As Republicans gear up to tear down President Barack Obama’s signature health care law, Democrats and their allies are ramping up a counter offensive.
The Alliance for HealthcareSecurity, a coalition of unions and health care advocates, released a second round of television and digital ads Thursday that urge the Republican-led Congress to reconsider. The first ads ran in December.
The ads will air in Washington, D.C., and in Alaska, Arizona, Maine, Nevada, Tennessee and West Virginia, targeting moderate Republican senators in several of those states who may be leery of scrapping the Affordable Care Act without first ensuring a replacement.
Sen. Lamar Alexander, R-Tenn., who chairs the Senate health committee that will help with legislation, is among those who have expressed concern about repeal without replacement, calling in December for immediate repeal, “but to do it in a thoughtful, careful way that gives Americans more choices of low-cost insurance.”
The 30-second spots, which are part of a seven-figure ad buy, call repeal of the controversial health care plan a “partisan attack by Congress that will hurt us all” and encourage viewers to contact their members of Congress to protest.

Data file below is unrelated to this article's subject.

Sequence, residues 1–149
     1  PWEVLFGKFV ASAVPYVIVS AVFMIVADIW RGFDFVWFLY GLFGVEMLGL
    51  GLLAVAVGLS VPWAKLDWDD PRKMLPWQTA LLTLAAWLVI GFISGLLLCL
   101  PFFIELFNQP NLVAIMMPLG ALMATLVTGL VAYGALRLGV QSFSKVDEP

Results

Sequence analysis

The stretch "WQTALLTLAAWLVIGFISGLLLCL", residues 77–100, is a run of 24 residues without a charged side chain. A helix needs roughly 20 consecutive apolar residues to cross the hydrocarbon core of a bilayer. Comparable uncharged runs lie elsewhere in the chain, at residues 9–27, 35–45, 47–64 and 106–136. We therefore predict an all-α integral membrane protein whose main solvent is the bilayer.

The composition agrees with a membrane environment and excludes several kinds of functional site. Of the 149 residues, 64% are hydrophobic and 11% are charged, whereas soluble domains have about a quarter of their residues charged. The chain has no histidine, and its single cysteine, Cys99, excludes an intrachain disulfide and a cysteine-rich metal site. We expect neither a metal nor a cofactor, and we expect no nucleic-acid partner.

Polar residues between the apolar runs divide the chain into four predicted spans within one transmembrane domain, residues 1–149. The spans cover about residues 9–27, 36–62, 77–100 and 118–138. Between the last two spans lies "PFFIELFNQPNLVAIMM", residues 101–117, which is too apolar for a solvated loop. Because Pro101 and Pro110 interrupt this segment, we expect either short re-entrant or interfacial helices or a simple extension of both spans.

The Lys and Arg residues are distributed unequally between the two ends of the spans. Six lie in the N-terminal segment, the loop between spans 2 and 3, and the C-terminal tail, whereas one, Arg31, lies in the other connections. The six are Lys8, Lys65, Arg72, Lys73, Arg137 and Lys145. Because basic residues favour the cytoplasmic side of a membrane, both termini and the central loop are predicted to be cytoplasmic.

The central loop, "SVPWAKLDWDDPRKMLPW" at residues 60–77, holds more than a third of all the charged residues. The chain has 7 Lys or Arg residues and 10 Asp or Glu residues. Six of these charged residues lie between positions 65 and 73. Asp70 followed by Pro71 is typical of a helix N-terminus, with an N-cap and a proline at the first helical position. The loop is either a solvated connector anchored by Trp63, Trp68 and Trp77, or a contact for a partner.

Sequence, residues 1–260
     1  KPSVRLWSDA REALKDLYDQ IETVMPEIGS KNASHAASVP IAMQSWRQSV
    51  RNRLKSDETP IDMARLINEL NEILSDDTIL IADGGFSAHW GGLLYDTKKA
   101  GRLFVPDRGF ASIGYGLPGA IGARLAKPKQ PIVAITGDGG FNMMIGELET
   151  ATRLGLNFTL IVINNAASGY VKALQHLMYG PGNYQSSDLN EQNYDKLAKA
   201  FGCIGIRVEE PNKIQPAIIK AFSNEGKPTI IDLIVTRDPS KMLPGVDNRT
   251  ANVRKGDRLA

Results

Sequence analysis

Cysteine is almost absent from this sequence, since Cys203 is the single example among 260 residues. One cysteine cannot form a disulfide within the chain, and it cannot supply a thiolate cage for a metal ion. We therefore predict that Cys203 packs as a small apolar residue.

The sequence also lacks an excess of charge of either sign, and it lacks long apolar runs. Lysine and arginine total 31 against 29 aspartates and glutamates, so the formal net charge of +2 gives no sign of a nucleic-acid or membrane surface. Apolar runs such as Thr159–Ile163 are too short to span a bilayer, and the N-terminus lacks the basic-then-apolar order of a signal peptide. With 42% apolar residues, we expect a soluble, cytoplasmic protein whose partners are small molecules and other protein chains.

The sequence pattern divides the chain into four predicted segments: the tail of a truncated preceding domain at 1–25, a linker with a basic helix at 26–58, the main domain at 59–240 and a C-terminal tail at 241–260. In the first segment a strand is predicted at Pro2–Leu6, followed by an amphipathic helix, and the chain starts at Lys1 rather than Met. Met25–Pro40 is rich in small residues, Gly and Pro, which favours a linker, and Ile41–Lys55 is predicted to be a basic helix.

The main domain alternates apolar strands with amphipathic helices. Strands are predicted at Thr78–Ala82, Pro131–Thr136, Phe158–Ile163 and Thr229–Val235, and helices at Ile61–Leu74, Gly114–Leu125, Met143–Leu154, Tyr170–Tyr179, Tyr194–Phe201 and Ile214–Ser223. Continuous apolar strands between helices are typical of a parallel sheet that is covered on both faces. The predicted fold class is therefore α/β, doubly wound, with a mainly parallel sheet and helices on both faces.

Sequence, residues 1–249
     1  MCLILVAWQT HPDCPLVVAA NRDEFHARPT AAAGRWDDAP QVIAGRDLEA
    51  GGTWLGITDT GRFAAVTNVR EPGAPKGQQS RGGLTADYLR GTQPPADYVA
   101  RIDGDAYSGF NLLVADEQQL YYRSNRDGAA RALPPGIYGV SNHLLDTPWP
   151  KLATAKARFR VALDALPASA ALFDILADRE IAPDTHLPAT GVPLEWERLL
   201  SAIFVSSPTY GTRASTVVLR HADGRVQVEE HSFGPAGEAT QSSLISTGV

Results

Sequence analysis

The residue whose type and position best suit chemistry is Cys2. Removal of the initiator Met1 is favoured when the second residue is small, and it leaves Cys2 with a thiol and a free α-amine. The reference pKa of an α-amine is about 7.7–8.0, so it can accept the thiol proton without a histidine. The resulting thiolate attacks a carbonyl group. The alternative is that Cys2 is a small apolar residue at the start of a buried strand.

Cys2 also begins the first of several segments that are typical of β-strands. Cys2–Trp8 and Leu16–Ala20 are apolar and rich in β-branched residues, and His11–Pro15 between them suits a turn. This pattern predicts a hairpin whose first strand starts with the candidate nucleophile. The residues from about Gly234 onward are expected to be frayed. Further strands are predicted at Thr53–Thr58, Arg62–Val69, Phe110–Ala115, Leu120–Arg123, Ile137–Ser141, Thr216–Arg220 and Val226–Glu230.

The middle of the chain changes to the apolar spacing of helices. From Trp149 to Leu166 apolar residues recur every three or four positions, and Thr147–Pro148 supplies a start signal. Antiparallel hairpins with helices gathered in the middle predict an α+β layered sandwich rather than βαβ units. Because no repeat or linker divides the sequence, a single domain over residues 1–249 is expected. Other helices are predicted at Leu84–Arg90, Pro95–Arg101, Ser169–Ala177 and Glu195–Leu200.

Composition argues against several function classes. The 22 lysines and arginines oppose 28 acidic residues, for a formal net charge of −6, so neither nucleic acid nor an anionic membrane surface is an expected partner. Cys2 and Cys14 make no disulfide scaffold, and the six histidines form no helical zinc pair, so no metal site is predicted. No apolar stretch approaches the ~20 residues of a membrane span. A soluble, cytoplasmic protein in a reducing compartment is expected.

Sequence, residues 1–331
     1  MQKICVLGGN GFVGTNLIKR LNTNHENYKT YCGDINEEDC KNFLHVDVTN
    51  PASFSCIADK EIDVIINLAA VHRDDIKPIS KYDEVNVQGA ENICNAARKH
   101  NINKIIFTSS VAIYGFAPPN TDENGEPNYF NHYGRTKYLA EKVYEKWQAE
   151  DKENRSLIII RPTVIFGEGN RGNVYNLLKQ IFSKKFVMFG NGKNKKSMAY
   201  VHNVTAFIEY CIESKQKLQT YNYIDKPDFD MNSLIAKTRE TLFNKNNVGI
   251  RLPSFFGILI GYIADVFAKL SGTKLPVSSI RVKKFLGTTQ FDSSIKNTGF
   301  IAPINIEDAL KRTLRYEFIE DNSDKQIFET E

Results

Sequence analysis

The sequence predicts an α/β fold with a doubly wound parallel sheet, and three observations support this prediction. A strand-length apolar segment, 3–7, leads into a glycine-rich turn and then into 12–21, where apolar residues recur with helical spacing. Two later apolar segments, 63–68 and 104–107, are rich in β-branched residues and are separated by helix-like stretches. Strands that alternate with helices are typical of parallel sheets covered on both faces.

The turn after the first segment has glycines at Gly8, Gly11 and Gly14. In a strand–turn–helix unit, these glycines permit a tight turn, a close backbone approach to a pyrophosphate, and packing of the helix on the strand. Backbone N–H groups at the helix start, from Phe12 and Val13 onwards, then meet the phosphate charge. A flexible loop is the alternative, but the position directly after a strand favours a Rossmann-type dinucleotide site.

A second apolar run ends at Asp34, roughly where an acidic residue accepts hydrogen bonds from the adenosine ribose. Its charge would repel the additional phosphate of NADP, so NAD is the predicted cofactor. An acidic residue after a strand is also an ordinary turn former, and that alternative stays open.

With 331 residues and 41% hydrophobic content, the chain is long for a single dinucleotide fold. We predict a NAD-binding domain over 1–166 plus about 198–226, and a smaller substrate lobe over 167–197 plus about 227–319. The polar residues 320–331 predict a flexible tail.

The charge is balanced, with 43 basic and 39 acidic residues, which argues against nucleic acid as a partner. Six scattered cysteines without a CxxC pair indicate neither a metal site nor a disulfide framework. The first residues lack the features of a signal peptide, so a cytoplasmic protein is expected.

“If Congress repeals health care, 30 million Americans will lose their insurance and coverage for all of us will be at risk,” the ads say. “Millions will be denied coverage for pre-existing conditions. Insurance companies will hike premiums, sticking it to middle-class families.”
The alliance includes SEIU, Families USA, the National Partnership for Women and Families, and the National Committee to Preserve Social Security and Medicare.
House Speaker Paul Ryan told reporters Thursday that the legislative work to repeal and replace Obamacare will happen this year, but he could not provide details on how or when it would be replaced.
“Democrats, for ideological reasons, are trying to save their failing law which was an ideological pursuit,” Ryan said. “The law isn’t working. It is failing.”
The Senate began debate Wednesday on the first step of the repeal process. Passage is expected next week. If approved, as expected, by both houses of Congress, committees would have to come up with repeal details by Jan. 27.